It's a tale as old as time. You go home with a guy and things start to get hot and heavy. You hop onto the bed and you ask him to grab a condom. He says he doesn't really "like" them. You say you'd really rather he wears one. He insists it's just not the same for him and he doesn't have condoms on him, so it doesn't even make sense to use it. Well, if you don't want HPV, you better make him wrap it up. Why? Because men are more likely to have oral HPV and HPV 16 than women.
Needless to say, that's not the only reason you should be encouraging him to wear a condom. In addition to being the most effective way to prevent pregnancy, condoms are the best way to protect yourself from every STD, not just HPV. That being said, HPV is the most common sexually transmitted infection, according to Planned Parenthood. And while it's usually a harmless infection that ends up treating itself, Cosmopolitan reports some of HPV's more high-risk strains cause "70 percent of cervical cancers, about 95 percent of anal cancers, and more than half of all cases of oropharyngeal cancers in the soft palate, tongue, and tonsils."
So, what's the deal with dudes contracting HPV more than women?
A new study from the Annals of Internal Medicine found that one in nine U.S. men has an oral HPV infection. One in nine! That's more than 10 percent! To paint you a little picture of why that's so alarming, Cosmopolitan reports that number translates to 11 million men. This is compared to a mere 3.2 million women across the country who also have oral HPV. Yes, that's right. More than three times as many men have the virus compared to women.
The study also found that men are six times more likely than women to have HPV 16, the high-risk strain of HPV responsible for half of oropharyngeal cancers (aka a kind of mouth cancer).
Are some dudes at higher risk than others?
Yes. The study found that there are a few behaviors that do put men at higher risk of contracting a strain of HPV: smoking more than 20 cigarettes per day, regularly smoking weed, and having more than 16 vaginal or oral sexual partners.
What extra steps can you take to reduce your chances of getting HPV?
Unlike most other sexually transmitted infections, HPV is unique in that there is an extra measure you can take outside of using condoms to protect yourself from contracting it. What is this extra step, you ask? Well, there is actually a vaccine that protects you against the infection.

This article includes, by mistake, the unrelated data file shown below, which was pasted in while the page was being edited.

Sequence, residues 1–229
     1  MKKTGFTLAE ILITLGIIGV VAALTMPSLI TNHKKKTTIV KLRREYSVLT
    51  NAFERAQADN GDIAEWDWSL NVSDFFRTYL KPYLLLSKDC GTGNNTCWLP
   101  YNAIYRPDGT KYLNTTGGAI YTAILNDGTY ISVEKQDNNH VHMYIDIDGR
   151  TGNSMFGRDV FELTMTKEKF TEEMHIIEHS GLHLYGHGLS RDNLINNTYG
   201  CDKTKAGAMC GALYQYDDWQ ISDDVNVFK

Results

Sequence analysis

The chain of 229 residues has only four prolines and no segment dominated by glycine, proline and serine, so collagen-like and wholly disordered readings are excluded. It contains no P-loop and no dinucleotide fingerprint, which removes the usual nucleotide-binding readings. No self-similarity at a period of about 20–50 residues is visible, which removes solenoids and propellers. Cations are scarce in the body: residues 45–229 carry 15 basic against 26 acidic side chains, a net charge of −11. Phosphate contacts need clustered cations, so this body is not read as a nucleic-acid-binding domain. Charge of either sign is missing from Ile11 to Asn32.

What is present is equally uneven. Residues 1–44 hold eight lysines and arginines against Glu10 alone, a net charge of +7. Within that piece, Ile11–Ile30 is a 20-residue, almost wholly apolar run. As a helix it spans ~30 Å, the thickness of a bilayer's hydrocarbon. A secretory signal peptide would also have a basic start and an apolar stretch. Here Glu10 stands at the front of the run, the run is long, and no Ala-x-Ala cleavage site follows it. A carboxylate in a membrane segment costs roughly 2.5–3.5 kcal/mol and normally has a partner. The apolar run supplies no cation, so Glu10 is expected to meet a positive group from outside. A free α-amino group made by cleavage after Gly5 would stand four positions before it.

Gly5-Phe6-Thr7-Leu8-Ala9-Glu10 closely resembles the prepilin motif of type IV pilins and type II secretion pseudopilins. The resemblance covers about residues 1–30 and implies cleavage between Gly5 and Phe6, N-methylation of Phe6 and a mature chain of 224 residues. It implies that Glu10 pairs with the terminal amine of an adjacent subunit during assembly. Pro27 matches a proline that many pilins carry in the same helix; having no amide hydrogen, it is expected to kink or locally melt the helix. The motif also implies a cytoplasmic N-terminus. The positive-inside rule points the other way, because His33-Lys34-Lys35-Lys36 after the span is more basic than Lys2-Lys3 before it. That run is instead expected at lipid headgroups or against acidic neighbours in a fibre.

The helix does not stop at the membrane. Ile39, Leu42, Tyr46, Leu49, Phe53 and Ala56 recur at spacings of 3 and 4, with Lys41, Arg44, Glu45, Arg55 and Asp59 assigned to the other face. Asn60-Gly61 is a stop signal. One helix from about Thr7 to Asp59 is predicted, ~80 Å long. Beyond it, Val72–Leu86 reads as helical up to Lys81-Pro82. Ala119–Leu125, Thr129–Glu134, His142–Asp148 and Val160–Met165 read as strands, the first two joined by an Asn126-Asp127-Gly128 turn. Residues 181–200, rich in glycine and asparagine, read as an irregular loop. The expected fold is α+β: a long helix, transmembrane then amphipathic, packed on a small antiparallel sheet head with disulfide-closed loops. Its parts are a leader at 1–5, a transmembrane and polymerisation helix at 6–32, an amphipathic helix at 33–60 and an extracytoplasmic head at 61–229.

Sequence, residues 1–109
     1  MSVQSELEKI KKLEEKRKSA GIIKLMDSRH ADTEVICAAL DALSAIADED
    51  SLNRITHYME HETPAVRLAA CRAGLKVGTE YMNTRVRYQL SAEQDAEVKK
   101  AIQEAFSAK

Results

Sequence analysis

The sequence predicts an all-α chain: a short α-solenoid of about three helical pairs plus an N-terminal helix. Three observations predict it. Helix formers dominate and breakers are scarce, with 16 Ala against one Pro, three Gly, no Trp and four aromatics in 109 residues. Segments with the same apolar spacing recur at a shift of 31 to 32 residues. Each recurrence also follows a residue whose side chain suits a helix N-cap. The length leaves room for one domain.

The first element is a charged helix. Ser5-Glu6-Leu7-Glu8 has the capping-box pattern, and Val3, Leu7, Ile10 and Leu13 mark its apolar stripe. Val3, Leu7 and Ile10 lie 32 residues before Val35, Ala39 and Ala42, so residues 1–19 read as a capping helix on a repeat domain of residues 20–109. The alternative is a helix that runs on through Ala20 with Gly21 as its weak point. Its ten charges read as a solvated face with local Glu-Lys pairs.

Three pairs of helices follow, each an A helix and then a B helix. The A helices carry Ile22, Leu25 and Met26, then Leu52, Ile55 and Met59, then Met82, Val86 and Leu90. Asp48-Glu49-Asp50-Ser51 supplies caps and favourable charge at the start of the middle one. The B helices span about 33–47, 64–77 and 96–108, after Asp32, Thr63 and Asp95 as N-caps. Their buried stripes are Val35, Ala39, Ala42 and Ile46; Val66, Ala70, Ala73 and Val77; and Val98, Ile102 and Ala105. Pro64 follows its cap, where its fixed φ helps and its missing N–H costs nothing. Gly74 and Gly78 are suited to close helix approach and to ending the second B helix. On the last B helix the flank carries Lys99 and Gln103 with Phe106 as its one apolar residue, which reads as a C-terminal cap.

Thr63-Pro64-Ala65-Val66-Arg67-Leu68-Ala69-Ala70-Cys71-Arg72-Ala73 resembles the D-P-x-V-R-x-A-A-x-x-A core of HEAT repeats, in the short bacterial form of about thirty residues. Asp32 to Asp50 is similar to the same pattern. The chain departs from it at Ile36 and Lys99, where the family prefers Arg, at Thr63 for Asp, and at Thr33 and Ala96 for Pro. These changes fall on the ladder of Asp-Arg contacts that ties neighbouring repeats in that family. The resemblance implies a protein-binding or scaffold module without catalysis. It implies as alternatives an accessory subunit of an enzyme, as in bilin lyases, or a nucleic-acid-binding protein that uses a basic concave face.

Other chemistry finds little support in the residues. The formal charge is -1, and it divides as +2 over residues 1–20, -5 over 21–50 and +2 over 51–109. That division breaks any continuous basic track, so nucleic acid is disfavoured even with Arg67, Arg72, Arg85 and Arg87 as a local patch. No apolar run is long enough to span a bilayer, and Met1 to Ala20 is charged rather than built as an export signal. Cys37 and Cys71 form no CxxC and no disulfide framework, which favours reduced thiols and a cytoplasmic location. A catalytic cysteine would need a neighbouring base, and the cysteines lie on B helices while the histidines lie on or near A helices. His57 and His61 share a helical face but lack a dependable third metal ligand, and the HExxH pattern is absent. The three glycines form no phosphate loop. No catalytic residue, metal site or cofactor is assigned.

While the vaccine doesn't protect against all 200 viruses that make up HPV, it does help protect against some of the more major strains, such as HPV 16 and HPV 18.
The Centers for Disease Control and Prevention (CDC) recommends men and women get the three rounds of shots around ages 11 and 12. Even getting the shots twice (aka not completing the whole cycle) is effective. So you would think having these shots and, you know, access to condoms, would make HPV rates lower than ever, but alas, they don't.
Why are men getting HPV more than women?
Unfortunately, while many women are taking the initiative to get the HPV vaccine, men aren't quite going out of their way to get it taken care of. In fact, a January study confirmed that men are getting the shots less frequently than their female counterparts.
In addition, Ashish Deshmukh, the senior author of the Annals of Internal Medicine study, wrote in an email to CNN that there are a couple more reasons men may be more susceptible to contracting HPV. For starters, he explained that the infections may last longer in men. Another possibility? "It is also possible that men acquire oral HPV more readily than women," Deshmukh wrote.
This would obviously not be any issue for women except for the fact that many of us have sexual relations with men and when we don't use proper protection, we increase our own risk of contracting these diseases.
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